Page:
Welcome back to Efficient Frontier’s bitweekly newsletter
Published November 8th on Substack
We’ll start with a quick market overview and then go to some interesting forecasts on inflation, hyperinflation and the Bitcoin market cycles.
Waiting for volatility
After breaking out to new highs 20 days ago, Bitcoin is close to breaking out again, as we’re writing.
In the previous 19 days, two extremely short bursts of volatility occurred on October 28th and November 3rd, in each occasion a 1–2 minute sharp drop and recovery ranged over $2,000! Dan Matuszewski of trading firm CMS holdings described it jokingly as “The biggest fat finger ever”.
As Bitcoin was consolidating, in altcoin markets $ETH, $SOL, $SHIB and others have reached new all-time highs against the dollar.
Social media has also reflected the surge of interest in various cryptocurrencies:
However, despite the recent price rises, there still are not extreme levels of euphoria, which can be seen in the drop in conversation volume on online forums:
Bitcoin funding rates remain positive but not extreme while the Open Interest in the CME dropped by 24% in the last 10 days, showing some institutional profit taking. Total OI plateaued, currently at $24.53 billion.
Bitcoin options volume (2) is on the rise, trading $30 billion in October, the second biggest month for Bitcoin options ever. The Put/Call ratio (1) made another bullish record as Bitcoin owned by long term holders (3) keeps climbing according to on-chain metrics.
A catalyst for Bitcoin price volatility could be the final verdict on VanEck’s Bitcoin spot ETF, coming within the next two weeks.
Supercycle or hyperinflation?
Cryptocurrency investors are increasingly concerned with big questions. Are fiat currencies headed to hyperinflation like Jack Dorsey suggested? And how will this affect the future of the Bitcoin market cycles?
Fortunately, Lyn Alden, founder of Lyn Alden Investment Strategy, a favorite Macro analyst in the Bitcoin industry, brings some of her trademark clarity to these matters.
“I expect the 2020’s to be a pretty inflationary decade…[but] in developed markets today we do not see the ingredients of hyperinflation” , Alden told Blockworks. “It’s hard for inflation to exceed the money supply growth for a long time… and currently the money supply is growing by 13% year over year. “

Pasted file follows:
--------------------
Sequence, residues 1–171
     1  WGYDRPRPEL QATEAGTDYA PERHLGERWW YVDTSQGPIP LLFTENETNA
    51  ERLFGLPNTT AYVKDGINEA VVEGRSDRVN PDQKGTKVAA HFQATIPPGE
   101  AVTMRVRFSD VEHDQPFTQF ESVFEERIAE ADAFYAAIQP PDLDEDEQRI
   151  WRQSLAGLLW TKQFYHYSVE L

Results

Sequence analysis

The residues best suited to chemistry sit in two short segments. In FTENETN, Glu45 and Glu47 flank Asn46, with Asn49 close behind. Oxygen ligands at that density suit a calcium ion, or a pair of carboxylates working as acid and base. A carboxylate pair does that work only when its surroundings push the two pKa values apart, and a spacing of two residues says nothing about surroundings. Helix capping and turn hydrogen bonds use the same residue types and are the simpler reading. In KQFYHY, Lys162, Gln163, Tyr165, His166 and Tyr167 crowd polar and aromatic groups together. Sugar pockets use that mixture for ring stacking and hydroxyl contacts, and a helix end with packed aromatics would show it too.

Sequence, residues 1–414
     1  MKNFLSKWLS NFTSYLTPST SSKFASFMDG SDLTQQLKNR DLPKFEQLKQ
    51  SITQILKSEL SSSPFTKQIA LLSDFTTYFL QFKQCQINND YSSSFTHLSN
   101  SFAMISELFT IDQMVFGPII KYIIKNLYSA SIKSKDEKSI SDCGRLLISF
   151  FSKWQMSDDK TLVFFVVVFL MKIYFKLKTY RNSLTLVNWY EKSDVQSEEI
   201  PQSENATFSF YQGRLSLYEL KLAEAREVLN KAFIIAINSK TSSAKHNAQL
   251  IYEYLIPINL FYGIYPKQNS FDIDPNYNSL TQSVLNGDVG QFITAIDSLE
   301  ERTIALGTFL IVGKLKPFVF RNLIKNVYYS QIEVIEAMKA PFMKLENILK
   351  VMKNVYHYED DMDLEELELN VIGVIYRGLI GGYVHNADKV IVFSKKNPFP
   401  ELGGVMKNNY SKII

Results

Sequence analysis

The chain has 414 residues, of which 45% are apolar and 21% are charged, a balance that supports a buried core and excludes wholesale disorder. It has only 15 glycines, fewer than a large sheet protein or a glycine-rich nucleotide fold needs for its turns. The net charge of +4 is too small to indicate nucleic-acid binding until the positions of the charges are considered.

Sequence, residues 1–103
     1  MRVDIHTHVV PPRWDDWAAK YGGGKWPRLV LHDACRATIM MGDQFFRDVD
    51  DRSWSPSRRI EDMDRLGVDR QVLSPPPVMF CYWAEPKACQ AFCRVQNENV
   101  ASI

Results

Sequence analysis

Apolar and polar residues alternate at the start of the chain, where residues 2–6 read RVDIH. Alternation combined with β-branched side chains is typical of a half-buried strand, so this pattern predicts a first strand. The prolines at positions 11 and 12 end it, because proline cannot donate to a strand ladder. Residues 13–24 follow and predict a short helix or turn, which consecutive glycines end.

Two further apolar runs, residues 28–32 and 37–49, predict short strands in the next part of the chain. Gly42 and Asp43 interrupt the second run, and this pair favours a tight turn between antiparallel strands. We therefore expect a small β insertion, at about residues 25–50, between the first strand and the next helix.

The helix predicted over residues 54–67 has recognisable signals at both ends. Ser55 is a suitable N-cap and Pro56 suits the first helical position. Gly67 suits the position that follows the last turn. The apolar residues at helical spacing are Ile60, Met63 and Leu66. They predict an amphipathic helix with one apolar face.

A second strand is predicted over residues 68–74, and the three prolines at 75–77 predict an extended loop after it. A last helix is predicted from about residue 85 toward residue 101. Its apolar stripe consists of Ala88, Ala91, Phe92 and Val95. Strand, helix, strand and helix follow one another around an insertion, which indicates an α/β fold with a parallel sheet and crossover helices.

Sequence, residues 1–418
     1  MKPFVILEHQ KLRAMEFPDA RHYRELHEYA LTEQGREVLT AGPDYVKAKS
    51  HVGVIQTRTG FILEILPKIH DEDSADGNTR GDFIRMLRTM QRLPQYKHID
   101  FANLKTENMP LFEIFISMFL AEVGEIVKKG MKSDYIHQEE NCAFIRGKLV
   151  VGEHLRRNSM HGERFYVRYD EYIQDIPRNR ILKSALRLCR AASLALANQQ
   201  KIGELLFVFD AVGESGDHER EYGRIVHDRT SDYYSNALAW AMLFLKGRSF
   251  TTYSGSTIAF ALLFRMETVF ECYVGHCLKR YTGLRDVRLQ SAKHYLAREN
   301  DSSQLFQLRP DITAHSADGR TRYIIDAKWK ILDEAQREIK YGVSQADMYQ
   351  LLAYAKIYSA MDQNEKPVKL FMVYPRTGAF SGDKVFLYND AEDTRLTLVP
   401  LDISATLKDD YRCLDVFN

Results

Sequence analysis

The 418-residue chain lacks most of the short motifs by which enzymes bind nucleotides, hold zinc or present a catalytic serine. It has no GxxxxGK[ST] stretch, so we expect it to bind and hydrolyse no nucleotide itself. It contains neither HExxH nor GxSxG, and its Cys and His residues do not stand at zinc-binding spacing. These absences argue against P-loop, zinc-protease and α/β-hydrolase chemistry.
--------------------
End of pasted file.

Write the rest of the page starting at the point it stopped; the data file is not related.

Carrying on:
“We’re toward the end of this long term debt cycle, where they pretty much need to hold rates low despite inflation, because otherwise the sovereign entities are insolvent.” Alden said.
Though Alden does not see hyperinflation on today’s horizon, she does not rule out it may happen during this debt cycle if people lose confidence in the system, “especially if you combine that with energy scarcity or de-globalization or potentially any kind of black swan event that could occur.”
“Pandemic lockdowns hit a highly-leveraged economy with millions of people living paycheck to paycheck, putting policymakers in a position to either massively stimulate (increase money supply) or watch a widespread debt collapse happen,” making inflation impossible to avoid. “Those combinations of commodity producers, hard assets, good real estate and then good monies are the protection either way.” Alden concluded.
Bitcoin as an emerging store of value
“Bitcoin has been rapidly coming up to whatever percentage of global assets it’s eventually going to settle toward. I think bitcoin is on track to likely becoming a store of value, but we’re in the earlier stage of investing in the idea that it’s going to go through the S curve and become a store of value.”
Alden gave 4 reasons for the halving cycle having less influence in the following years, meaning that in the next decade, the 4 year Bitcoin cycle might fade away:
- Bitcoin’s inflation rate drops in 2024, it may have very little price impact as it goes from 1.8% to 0.9%, compared to a drop of 3.6% and 1.8% in the two previous halvings.
- In prior cycles bitcoin on exchanges increased. As we’re nearing the end of the supply distribution, since March 2020 bitcoin has been leaving the exchanges.
- Most miners are now operated by larger companies with better access to capital. Today’s miners do not need to sell Bitcoins to finance themselves, and have less chance of experiencing halving-cycle capitulation.
- To get a prolonged Bitcoin bear market you’ll need first high market euphoria., currently lacking. If the euphoria stage is met again in the following months, Alden believes that the next downturn will be shorter.
News & Links
The biggest theme of last two weeks was the ‘mainstreaming’ of cryptocurrency investment, as seen above in the crypto.com commercial
- FATF publishes new guidelines for cryptocurrency
- CME to launch micro-ethereum futures
- Coinbase number 1 in AppStore during Shiba Inu surge
- FTX US hires former CFTC commissioner
- Survey: 24.2% of Nigerians own cryptocurrency
- Amazon Web Services seek cryptocurrency specialist to develop financial services